Proposal of Multithread JavaScript

Leo Dutra at
Wed Nov 2 13:56:42 UTC 2016


(function foo() { ... })()   // sync and single threaded
(*async *function() { ... })() // async and parallel


*Leo Dutra, **on **Facebook <>
**and LinkedIn

2016-11-02 11:38 GMT-02:00 Leo Dutra < at>:

> ECMA introduced Promises and async-await in JS. This improves coding in an
> amazing way, reducing the control developers need to wrap an AJAX call or
> async I/O.
> JavaScript used to be script and not a language. Classes, workers, sound
> control, GL rendering, Node.js modules (with OS conversation), incredible
> GC strategies and compilation on V8 and Mozilla "monkeys"... the list goes
> on and on.
> Almost all the features provided by old mature platforms, like Java, .NET
> and etc. For browsers, the newest JS features provide consistent tools for
> productivity and quality code.
> But there's a huge step to accomplish.
> ECMA introduced workers. Node.js came up with streams, native process
> spawn and libuv thread pool. This is a lot, but not enough.
> All I hear about Node.js is how it is great for quick message I/O and bad
> for aggregations and impossible for parallel tasking. Again, we have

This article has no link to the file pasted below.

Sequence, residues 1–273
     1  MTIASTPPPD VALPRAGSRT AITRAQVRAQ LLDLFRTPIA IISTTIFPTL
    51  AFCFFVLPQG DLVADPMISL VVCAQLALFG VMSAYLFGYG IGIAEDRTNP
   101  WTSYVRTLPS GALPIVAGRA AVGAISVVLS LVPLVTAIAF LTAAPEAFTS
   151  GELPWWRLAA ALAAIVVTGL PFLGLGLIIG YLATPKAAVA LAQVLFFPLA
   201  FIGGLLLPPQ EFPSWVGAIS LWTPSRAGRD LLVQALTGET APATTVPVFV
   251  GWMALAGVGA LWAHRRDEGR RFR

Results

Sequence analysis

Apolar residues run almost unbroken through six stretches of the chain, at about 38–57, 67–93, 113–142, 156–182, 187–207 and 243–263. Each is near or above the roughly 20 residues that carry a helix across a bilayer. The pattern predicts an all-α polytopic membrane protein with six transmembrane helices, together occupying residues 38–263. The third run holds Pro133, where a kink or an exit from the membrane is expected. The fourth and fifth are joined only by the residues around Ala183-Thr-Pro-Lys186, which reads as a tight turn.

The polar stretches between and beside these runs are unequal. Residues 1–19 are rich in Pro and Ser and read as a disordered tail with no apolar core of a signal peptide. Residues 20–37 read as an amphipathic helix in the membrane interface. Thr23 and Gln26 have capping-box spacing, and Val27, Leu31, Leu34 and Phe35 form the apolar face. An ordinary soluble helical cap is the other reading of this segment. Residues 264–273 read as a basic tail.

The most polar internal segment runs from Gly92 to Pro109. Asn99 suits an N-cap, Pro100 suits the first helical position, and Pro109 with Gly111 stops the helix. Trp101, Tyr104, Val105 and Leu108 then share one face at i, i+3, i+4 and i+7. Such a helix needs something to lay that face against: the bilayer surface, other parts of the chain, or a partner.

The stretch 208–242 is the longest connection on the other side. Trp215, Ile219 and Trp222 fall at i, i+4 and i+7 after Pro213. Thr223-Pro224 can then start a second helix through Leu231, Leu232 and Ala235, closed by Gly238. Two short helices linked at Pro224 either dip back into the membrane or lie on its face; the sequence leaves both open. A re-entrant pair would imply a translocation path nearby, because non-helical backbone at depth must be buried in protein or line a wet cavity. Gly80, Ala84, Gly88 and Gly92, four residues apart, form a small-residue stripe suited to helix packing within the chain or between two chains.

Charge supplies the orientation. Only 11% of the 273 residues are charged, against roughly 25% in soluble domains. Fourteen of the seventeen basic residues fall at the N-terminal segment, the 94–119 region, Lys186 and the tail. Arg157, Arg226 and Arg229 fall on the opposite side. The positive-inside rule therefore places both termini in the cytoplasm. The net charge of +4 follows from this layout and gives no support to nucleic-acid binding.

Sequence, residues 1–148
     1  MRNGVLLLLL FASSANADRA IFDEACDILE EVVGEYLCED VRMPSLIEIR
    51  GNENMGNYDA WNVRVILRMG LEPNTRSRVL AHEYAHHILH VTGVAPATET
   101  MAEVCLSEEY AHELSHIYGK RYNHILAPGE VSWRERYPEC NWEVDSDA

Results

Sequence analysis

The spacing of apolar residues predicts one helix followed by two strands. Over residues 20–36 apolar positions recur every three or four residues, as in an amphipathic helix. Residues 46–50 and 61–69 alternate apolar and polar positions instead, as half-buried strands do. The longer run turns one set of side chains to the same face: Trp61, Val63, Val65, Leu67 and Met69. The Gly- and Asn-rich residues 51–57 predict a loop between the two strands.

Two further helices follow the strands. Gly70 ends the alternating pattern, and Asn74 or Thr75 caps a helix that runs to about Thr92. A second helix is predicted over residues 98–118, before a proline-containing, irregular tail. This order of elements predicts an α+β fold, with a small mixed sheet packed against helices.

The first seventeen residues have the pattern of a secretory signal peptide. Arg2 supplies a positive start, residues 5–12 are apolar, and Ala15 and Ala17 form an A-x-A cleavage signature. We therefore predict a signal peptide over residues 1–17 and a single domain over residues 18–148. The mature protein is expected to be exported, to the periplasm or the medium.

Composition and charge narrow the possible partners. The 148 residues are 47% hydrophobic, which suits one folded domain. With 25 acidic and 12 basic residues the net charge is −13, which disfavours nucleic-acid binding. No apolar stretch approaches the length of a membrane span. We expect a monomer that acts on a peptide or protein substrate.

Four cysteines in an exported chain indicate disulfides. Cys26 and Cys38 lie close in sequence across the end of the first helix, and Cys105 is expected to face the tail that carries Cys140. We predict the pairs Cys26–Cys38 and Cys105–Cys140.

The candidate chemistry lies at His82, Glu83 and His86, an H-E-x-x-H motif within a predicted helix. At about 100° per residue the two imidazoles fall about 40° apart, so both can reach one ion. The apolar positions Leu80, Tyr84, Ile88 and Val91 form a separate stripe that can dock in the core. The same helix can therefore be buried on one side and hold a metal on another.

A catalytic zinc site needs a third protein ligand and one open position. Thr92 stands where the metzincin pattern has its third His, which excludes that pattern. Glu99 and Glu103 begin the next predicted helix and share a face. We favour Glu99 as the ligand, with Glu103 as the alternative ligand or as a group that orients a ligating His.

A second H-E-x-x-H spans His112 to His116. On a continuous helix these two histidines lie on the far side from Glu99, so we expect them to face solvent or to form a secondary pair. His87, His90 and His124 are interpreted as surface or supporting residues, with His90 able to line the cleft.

> workers and processes, but not green threads.
> I invite you to take a quick look at Akka and OTP (Erlang). More than it,
> I will argument: workers and process spawn are the latent desire for
> parallel and starting one of these are not "cheap" or waiting in a pool.
> We use streams extensively in Node.js and most frameworks hides it from
> us. Call it magic, I call it pragmatism.
> Now, async, await, Promises ("Futures")... we can make it all work in
> parallel.
> This would explore more libuv in Node.js and browsers could handle it too,
> seamlessly.
> Each function could be run in a green thread, pulled from a browser/libuv
> pool, allowing Node.js and browsers to process aggregations and heavy
> rendering without heavy start costs and complicated message control through
> events.
> More, I ask why not, and "single thread nature of JS" looks more like a
> bad legacy from old browsers. We can do it in pieces, like the proposed
> async-await and, on better days, provide a Parallel API (something like *parallelize(()
> -> { // parallel stuff here })*).
> I wanna leave you with the possibilities in mind and bully this single
> thread dogma.
> You have been told.
> *Leo Dutra, **on **Facebook <> **and LinkedIn
> <>*
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